[I18n-sig] SIG charter and goals

M.-A. Lemburg mal@lemburg.com
Wed, 09 Feb 2000 10:34:44 +0100

Andy Robinson wrote:
> On Tue, 08 Feb 2000 15:31:43 +0100, you wrote:
> >> 2. Encodings API and library:
> >> --------------------------------
> >>
> >> We must deliver an encodings library which surpasses the features of
> >> that in Java.  It should allow conversion between many common
> >> encodings; access to Unicode character properties; and anything else
> >> which makes encoding conversion more pleasant.  This should be
> >> initially based on MAL's draft specification, although the spec may
> >> be changed if we find good reason to.
> >
> >Note that Python will have a builtin codec support. The details
> >are described in the proposal paper (not the C API though --
> >that still lives in the .h files of the Unicode implementation).
> >
> >Note that I have made some good experience with the existing
> >spec: it is very flexible, extendable and versatile. It also
> >greatly reduces coding efforts by providing working baseclasses.
> >
> I can't wait to try the code, and cannot foresee any problems at the
> moment based on the spec.  However, it was only discussed on the
> Python-dev list, and Marc-Andree was not at IPC8, so I should try to
> explain some background for everyone, (and what my agenda as SIG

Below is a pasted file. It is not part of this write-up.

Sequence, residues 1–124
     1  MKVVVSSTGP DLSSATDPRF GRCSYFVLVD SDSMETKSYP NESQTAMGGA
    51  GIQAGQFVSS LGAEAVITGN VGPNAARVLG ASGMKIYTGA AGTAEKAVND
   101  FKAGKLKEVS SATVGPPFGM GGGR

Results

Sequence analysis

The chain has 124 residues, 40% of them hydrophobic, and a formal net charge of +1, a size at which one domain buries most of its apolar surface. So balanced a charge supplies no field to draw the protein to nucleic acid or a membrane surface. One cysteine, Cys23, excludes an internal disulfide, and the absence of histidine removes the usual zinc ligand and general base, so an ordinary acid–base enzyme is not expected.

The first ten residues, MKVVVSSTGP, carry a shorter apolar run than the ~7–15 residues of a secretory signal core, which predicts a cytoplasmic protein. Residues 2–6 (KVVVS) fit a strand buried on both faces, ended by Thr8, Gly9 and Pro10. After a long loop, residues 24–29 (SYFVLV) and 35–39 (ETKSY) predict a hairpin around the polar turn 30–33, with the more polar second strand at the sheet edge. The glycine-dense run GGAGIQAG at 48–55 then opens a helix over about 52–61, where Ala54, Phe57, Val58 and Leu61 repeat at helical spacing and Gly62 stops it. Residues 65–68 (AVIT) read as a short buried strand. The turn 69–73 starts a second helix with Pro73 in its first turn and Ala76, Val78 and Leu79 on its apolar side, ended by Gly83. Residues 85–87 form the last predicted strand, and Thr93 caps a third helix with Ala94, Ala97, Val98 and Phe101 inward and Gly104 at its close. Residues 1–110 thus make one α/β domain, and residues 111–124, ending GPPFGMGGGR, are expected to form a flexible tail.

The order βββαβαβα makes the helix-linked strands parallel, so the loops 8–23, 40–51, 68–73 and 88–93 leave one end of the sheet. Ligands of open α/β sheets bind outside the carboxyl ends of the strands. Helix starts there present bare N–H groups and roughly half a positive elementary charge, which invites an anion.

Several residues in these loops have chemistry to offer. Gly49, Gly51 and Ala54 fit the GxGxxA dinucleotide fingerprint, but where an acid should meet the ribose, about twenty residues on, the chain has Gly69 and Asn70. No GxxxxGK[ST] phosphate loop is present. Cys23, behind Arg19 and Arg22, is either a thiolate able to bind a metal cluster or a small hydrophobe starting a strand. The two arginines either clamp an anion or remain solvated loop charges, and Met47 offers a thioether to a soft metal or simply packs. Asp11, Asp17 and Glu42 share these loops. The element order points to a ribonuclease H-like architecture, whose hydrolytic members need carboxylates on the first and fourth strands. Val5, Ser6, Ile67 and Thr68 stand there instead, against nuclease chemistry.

> moderator is too!)
> 1. HP joined the Python consortium and pushed for Unicode support last
> year.  There was a detailed discussion on the Python-dev list (to
> which I was invited because my day-job included some very messy
> double-byte work in Python for a year).   Marc-Andre's proposal went
> through about eight iterations, and he started to code it up under
> contract to CNRI.  This is official work, and there is no question of
> anybody else's Unicode modules being used - sorry!  Fredrik Lundh's
> work on the Unicode regex engine is also under contract and
> progressing rapidly.
> 2. MAL's document defines the API for 'codecs' - conversion filters -
> but his taks does not include delivering a package with all the
> world's common encodings in it.  That is a necessity in the long run,
> and both I (through ReportLab) and Digital Garage need to make at
> least the Japanese encodings work quite soon.
> (Marc-Andre, can you update us on what codecs you are providing, and
> how they are implemented? C or Python? )

These codecs are currently included:

                       raw_unicode_escape.py  utf_16_be.py
                       unicode_escape.py      utf_16_le.py
ascii.py               unicode_internal.py    utf_8.py
latin_1.py             utf_16.py

If time permits there will also be a generic mapping codec
API which knows what to do with Python mapping tables. I'm
not sure how this will be done though... perhaps via a
subpackage of encodings which holds any number of tablename.py
modules which a special search function then finds and

You'd then write something like

u = unicode(rawdata, 'mapping-pc850')

and the search function would then scan the encodings.mapping
package for a module pc850 and use its mapping table for
the conversion.

> 3. At IPC8 we discussed (among other things) the delivery of the codec
> package - both in the i18n forum and in the corridors as usual!  To do
> what Java does, we eventually need codecs for 50+ common encodings,
> all available and tested.  These will almost certainly not be in the